Posted on February 15, 2009
Washington Post film critic Anne Hornaday says that Academy Award nominations not only highlight worthy films, but also ignore great movies that should win acclaim, "a few choice gems seen on festival circuit the year before are left dangling -- having never garnered all-important buzz, opened in theaters or otherwise gained purchase in the moviegoing consciousness."
One of the choice gems of the past year, according to Hornaday: Wellness, the feature film written and directed by Wheaton film professor Jake Mahaffy.
Now, it's not as though Wellness received no critical raves. The film, which follows the travails of a hapless pyramid-scheme salesman striving to succeed in a business that doesn't exist, won the Grand Jury Award for best "feature film" at the South By Southwest Film Festival.
And the entertainment trade newspaper Variety said, in its review: "Virtual one-man band Jake Mahaffy follows up his 2004 film War with an astute effort that is both razor-sharp and genuinely sensitive, with a flawlessly authentic, heartbreaking performance by central [actor] Jeff Clark.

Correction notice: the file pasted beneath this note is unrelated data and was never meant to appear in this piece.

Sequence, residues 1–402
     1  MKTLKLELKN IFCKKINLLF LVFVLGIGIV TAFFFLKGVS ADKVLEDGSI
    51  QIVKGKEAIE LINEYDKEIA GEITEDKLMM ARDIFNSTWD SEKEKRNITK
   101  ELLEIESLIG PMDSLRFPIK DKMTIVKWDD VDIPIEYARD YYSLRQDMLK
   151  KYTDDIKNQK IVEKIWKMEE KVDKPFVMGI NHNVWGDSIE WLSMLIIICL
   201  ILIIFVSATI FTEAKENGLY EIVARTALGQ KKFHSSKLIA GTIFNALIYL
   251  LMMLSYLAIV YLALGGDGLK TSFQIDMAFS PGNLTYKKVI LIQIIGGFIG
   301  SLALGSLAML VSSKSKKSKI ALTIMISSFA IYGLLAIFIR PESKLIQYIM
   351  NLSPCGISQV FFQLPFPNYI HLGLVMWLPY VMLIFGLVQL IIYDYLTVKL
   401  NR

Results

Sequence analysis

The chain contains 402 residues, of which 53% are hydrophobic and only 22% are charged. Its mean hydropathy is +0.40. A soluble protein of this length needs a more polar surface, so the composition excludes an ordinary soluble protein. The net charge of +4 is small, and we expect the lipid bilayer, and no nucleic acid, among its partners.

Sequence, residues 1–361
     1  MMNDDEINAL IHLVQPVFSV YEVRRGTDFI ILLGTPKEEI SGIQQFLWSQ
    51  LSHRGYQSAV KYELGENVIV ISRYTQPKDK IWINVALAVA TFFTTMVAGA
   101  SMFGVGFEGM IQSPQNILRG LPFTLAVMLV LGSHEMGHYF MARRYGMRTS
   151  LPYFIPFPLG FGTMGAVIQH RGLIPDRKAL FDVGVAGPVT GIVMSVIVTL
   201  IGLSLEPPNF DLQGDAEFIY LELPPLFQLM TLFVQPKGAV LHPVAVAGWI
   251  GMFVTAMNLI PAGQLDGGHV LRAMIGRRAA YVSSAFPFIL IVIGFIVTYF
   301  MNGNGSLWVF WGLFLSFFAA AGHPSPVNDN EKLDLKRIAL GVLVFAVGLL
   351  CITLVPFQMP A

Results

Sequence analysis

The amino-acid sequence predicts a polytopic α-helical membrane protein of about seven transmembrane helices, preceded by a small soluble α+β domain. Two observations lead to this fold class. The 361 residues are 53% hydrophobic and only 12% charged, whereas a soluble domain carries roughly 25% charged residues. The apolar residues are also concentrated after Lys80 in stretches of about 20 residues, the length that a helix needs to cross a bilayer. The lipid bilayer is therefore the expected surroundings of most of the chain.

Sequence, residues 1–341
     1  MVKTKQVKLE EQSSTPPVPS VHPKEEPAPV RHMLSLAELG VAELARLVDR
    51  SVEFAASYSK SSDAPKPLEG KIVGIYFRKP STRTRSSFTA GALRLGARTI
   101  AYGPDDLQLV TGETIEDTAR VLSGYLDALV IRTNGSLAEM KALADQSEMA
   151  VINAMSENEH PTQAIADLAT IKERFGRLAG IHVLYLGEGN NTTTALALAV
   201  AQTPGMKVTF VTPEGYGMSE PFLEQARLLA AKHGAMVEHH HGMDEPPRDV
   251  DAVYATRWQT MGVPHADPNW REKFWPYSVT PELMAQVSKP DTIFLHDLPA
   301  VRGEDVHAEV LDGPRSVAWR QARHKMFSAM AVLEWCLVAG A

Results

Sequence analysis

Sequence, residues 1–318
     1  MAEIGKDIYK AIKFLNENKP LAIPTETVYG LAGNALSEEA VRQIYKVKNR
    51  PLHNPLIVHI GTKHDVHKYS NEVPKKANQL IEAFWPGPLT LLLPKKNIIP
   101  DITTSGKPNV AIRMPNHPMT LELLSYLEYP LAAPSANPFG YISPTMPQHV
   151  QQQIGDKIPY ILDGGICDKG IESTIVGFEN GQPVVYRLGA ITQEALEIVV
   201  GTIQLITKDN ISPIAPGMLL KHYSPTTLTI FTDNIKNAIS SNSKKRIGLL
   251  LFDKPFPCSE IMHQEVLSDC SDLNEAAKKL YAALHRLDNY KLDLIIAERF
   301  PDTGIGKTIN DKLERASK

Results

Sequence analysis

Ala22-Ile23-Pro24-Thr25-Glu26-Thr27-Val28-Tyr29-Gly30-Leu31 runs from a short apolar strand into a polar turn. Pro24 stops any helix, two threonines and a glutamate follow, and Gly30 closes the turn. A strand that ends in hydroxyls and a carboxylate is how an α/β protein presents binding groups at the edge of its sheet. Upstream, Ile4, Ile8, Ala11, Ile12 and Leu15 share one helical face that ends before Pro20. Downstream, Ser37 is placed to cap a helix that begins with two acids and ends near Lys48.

And Hornaday notes that Mahaffy's film has been a favorite at festivals since its debut in Rotterdam last year. Still, she says the film displays outstanding artistry, "uncommon adroitness and sensitivity, startling performances (including from Mahaffy's own father) and a prescient grasp of the current economic crisis" that it deserves to be seen well beyond the confines of festival screens.
Even though "Wellness" hasn't had the exposure its cadre of fans would have hoped, Mahaffy himself isn't bitter. "I'm not disappointed," he says. "It was never my expectation to have any kind of wide theatrical distribution, or any theatrical distribution for that matter. I made it cheaply, I can afford to do this, I have a day job [Mahaffy teaches at Wheaton College in Massachusetts]. It's the film I wanted to make."
So, while he may not have earned a nomination from the Academy, Mahaffy's winning kudos from critics and viewers just the same.
Source: Washington Post